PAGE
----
This week Carrie Prejean has been making headlines once again because of an investigation into some semi-nude photos that may have disqualified her from retaining her crown as Miss California. As it turned out, pageant owner Donald Trump allowed her to retain her crown, saying "We've made a determination that the pictures taken were acceptable. Some were risque, but we are in the 21st century."
Furthermore, he defended her answer to Perez Hilton during the Miss USA Pageant and started another controversy by saying "It's the same answer the president of the United States gave. It's the same answer many people gave. She gave an honorable answer. She gave an answer from her heart, and I think for that she has to be commended."
Last month when the controversy broke, I wrote in defense of Carrie Prejean, arguing that her answer exemplified perfect tolerance and noting that she "did not say that gay marriage should remain illegal in the other states. She said in fact, that she thinks it's great that Americans can choose one or the other." Though I did criticize her for fumbling over the answer, not directly addressing the question, and not offering the best possible answer (which I formulated at the end of the post). Well today I have some sharper criticisms for her, particularly for the speech she gave at the press conference with Donald Trump.
She said: "On April 19 on that stage I exercised my freedom of speech, and I was punished for doing so. This should not happen in America," thereby turning her loss of the Miss USA title into a free speech issue. But it's not! The government did not punish her for her answer, a private organization did and that is not a violation of her freedom of speech.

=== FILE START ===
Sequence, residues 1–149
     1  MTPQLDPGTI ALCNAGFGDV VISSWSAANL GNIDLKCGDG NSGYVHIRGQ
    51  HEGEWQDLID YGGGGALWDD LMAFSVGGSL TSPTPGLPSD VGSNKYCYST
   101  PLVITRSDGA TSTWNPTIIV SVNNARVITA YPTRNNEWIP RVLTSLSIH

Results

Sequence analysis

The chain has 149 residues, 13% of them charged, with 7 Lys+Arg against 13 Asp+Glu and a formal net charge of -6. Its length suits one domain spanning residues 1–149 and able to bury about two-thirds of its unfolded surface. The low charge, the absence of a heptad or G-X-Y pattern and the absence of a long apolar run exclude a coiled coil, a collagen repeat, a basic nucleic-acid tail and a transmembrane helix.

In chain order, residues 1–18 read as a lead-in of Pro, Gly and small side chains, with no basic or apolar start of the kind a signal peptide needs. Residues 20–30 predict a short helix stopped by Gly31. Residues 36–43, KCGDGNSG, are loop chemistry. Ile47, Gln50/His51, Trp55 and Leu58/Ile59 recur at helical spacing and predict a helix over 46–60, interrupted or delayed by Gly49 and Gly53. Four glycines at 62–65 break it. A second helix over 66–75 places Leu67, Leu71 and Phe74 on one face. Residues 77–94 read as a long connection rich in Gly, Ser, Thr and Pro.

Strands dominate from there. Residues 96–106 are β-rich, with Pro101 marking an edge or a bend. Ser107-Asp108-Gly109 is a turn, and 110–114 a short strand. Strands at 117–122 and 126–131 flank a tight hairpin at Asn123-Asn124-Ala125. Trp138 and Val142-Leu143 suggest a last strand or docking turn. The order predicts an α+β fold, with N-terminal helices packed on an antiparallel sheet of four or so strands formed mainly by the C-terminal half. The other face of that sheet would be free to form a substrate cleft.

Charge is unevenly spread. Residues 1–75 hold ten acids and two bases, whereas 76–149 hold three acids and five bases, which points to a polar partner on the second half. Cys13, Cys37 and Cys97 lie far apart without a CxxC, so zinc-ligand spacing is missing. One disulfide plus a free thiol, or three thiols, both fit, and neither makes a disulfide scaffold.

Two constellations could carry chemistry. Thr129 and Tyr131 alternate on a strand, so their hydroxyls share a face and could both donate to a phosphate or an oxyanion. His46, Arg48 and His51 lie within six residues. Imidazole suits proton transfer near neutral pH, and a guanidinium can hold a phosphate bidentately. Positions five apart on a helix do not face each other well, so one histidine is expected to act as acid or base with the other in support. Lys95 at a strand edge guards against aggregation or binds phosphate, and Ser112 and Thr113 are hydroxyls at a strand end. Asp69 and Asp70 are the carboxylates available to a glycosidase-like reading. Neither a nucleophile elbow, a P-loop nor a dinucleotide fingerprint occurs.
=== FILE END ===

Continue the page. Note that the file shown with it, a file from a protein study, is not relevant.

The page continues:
Over at Big Hollywood, Melanie Morgan compares the media controversy over Miss Prejean's answer to 1950s era McCarthyism:
Leo Penn, the father of famous actor Sean Penn, was hauled before the House Committee on Un-American Activities (the McCarthy hearings) during the 1950s and harassed, spied upon and ultimately blacklisted for his political views.
But no one is dragging Miss Prejean before Congress to testify about her beliefs, and the government is not involved. A private beauty pageant and several private media companies are. The Miss USA pageant does not owe Carrie Prejean a crown and it is free to award or not award her a crown according to whatever criteria it chooses, including disliking her political beliefs. That criterion may be wrong and you may disagree with it (as I do in this case), but that doesn't mean Prejean's rights are being violated.
In her editorial, Morgan goes on to ask: "So where are the free-speech warriors? How about Sean Penn and the rest of the Hollywood elitists who think the First Amendment was written solely for their benefit?" How were her free speech rights being violated? Because the rest of the media has exercised its free speech rights in criticizing what she said? The way the article reads, Morgan seems to be suggesting that Carrie Prejean's freedom of speech somehow nullifies the rest of ours. That to criticize her for speaking is a violation of her freedom of speech. But what about our freedom of speech?
Everyone has the right to say what they want about Carrie Prejean's political beliefs no matter how wrong, stupid, or ugly. And everyone else has the right to say that those criticisms are wrong, stupid, and ugly. So far, I have exercised my own freedom of speech to defend Prejean, to criticize her critics, to criticize Prejean, and to defend her critics. Figure that out! It's amazing how the fierce pursuit of truth leads you to see all the nuance in controversies such as this.
Hopefully the world will come to understand that the proper exercise of our freedom of speech, is in the earnest pursuit of truth, uninhibited by forcible interference from others. Hopefully we will all begin to see that misunderstanding and misrepresenting this fundamental human right does great injury to it. Here's hoping.